Analysis of acoustic emission propagation in metal-to-metal adhesively-bonded joints.
Crawford, Alasdair R.
Droubi, Mohamad Ghazi
Faisal, Nadimul Haque
MetadataShow full item record
CRAWFORD, A., DROUBI, M.G. and FAISAL, N.H. 2018. Analysis of acoustic emission propagation in metal-to-metal adhesively-bonded joints. Journal of nondestructive evaluation [online], 37(2), article ID 33. Available from: https://doi.org/10.1007/s10921-018-0488-y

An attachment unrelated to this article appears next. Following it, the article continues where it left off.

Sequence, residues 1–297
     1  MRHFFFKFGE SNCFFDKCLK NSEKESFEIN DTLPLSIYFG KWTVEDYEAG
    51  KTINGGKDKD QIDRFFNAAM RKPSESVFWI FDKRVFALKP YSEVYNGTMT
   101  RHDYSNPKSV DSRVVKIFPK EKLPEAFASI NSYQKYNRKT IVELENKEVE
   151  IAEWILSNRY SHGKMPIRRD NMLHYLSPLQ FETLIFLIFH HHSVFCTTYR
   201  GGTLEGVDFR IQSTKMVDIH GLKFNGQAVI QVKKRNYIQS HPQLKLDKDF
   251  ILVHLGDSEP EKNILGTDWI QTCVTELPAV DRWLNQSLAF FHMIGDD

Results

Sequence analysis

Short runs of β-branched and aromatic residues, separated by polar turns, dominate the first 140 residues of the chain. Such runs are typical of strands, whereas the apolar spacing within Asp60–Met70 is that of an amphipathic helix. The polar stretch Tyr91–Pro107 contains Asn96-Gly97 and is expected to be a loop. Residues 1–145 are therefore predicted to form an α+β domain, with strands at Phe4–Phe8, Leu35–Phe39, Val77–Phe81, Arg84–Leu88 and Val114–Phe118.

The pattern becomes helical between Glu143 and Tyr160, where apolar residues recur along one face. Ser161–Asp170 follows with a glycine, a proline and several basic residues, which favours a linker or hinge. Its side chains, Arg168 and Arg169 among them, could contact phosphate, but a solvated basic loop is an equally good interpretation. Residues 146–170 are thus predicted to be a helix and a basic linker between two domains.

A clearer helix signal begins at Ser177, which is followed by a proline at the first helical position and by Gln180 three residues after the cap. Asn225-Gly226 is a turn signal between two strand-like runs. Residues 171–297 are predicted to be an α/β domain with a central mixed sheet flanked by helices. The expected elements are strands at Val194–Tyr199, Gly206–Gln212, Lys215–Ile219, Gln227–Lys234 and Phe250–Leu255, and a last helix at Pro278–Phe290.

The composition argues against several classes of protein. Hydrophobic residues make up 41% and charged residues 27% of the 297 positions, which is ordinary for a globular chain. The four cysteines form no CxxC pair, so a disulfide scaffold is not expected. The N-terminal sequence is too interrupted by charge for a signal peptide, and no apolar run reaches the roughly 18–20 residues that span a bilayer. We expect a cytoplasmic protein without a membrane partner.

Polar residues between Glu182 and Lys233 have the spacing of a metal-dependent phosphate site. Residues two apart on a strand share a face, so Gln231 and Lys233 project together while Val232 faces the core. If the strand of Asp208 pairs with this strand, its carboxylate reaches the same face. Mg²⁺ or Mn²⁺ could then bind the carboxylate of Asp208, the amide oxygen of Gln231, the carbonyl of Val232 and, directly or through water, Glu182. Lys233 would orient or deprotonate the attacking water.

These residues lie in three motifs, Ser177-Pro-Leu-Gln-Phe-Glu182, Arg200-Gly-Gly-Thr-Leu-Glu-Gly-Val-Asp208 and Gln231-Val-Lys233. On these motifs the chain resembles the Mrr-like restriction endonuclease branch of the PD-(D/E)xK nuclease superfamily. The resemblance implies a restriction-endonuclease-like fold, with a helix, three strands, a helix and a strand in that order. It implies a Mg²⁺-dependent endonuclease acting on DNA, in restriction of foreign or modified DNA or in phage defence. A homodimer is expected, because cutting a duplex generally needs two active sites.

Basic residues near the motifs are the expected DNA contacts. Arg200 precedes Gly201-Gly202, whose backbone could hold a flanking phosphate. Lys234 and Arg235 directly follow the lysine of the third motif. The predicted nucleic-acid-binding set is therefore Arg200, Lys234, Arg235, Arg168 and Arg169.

Acoustic emission (AE) monitoring shows promise as one of the most effective methods for condition monitoring of adhesively-bonded joints. Previous research has demonstrated its ability to detect, locate and classify adhesive joint failure, though in these studies little attention appears to have been paid to the differences in AE wave propagation through the bonded and un-bonded sections of the specimens tested, or to the effects of the wave modes excited or the propagation distances. This paper details an experimental study conducted on large aluminium sheet specimens to identify the effects of the presence of an adhesive layer on AE wave propagation. Three specimens are considered; a single aluminium sheet, two aluminium sheets placed together without adhesive, and an adhesively-bonded specimen. A pencil lead break (PLB) is used as a simulated AE source, and is applied to the three specimens at varying propagation distances and orientations. The acquired signals are processed using wavelet-transforms to explore time-frequency features, and compared with modified group-velocity curves based on the Rayleigh–Lamb equations to allow identification of wave-modes and edge-reflections. The effects of propagation distance and source orientation are investigated while comparison is made between the three specimens. It is concluded that while the wave propagation modes can be approximated as being constant throughout all three specimens, there is a significant change in the received waveforms due to the attenuation of high-frequency components exhibited by the bonded specimen. These findings may be utilised to provide a deeper understanding of acquired AE data, improving the current abilities to identify, locate and characterise damage mechanisms occurring within adhesive joints, ultimately improving safety in the use of adhesive bonding for critical applications.